U.K. Promises Not to Torch EU Regulation in Post-Brexit Britain

  • Brexit secretary seeks to tackle EU fears of ‘dumping’
  • Davis wants mutual recognition of regulations after split

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Brexit Secretary David Davis will reassure the European Union that the U.K. won’t try to undercut the bloc by tearing up regulations after the split, making the case for mutual trust between regulators on each side.

“Mutual recognition” of regulatory standards should continue after the divorce, Davis will say in a speech in Vienna on Tuesday. Cars manufactured and approved for sale on one side of the channel should still be approved for sale on the other, according to excerpts released by his office.

David Davis

Photographer: Luke MacGregor/Bloomberg

“A crucial part of any such agreement is the ability for both sides to trust each other’s regulations and the institutions that enforce them.” Davis will say. “Such mutual recognition will naturally require close, even-handed cooperation between these authorities and a common set of principles to guide them.”

Davis’s words are the clearest statement yet of how closely the U.K. wants to remain aligned with the EU after the divorce, in a bid to maintain the best possible access to Europe’s single market for U.K. companies.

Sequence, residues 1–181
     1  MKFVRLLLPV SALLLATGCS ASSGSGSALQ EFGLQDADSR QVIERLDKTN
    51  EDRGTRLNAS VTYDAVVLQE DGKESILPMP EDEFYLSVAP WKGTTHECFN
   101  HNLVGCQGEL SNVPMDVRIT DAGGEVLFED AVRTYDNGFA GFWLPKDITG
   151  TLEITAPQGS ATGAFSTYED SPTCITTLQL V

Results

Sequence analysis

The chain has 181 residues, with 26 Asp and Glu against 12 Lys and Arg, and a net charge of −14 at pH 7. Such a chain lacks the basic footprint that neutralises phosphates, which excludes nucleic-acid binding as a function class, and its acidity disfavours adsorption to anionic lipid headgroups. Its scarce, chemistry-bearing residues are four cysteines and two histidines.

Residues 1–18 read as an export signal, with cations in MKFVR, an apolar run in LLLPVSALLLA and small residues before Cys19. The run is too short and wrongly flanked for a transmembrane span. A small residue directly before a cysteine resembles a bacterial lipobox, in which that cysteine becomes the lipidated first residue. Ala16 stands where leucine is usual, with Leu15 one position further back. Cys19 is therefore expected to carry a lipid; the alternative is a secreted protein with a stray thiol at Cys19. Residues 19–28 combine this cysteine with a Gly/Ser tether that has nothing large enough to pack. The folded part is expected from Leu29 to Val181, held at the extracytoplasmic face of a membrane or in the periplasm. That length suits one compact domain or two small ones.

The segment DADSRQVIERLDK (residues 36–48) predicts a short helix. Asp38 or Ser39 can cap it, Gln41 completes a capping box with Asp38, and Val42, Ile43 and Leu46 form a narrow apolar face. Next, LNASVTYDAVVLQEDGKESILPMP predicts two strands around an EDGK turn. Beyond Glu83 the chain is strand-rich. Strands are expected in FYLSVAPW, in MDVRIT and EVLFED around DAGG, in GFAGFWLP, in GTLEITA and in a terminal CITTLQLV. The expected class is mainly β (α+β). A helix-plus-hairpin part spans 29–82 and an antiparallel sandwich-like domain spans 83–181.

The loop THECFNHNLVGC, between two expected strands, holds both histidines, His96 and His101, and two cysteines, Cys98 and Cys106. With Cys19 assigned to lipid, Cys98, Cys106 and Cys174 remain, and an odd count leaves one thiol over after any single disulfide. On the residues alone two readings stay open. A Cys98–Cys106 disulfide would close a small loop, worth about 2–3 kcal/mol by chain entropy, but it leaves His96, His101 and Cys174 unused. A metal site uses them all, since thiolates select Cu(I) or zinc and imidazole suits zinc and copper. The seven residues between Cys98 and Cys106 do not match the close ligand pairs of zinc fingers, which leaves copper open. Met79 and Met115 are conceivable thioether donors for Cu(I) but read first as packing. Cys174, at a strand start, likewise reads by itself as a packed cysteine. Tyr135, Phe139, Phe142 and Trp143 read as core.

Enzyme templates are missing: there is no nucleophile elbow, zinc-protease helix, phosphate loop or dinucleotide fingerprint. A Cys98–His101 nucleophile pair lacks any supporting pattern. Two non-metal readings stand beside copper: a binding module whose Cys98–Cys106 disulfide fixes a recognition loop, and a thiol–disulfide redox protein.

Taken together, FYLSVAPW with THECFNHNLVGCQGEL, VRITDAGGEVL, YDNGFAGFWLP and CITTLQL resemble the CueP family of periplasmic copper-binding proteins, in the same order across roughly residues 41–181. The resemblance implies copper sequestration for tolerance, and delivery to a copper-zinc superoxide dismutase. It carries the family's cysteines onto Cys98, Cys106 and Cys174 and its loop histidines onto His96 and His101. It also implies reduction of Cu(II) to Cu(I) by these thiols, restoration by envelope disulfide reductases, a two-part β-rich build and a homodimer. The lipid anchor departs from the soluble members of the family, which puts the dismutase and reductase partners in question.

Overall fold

His comments address one of the main concerns the EU has about Brexit -- that once outside the bloc, Britain will slash regulations and taxes to make its companies more competitive in the global marketplace.

High Standards

“The certainty that Britain’s plan, its blueprint for life outside of Europe, is a race to the top in global standards, not a regression from the high standards we have now, can provide the basis of the trust that means that Britain’s regulators and institutions can continue to be recognized,” he will say.

EU chief negotiator Michel Barnier has often spoken of concerns about a race to the bottom on environmental, social, and labor legislation, and has said that if Britain indulges in such practices, the European Parliament might refuse to approve a trade deal.

Davis name-checked workers’ rights, financial stability, animal welfare and the environment. His speech is part of a series by senior ministers before Theresa May is due to set out her vision of post-Brexit economic ties next week.

While the Cabinet has yet to decide on the blueprint, officials say the plan will involve staying close to EU rules in some areas while breaking free in others. The risk is that the EU rejects the approach as an attempt to cherry-pick the best bits of EU membership.

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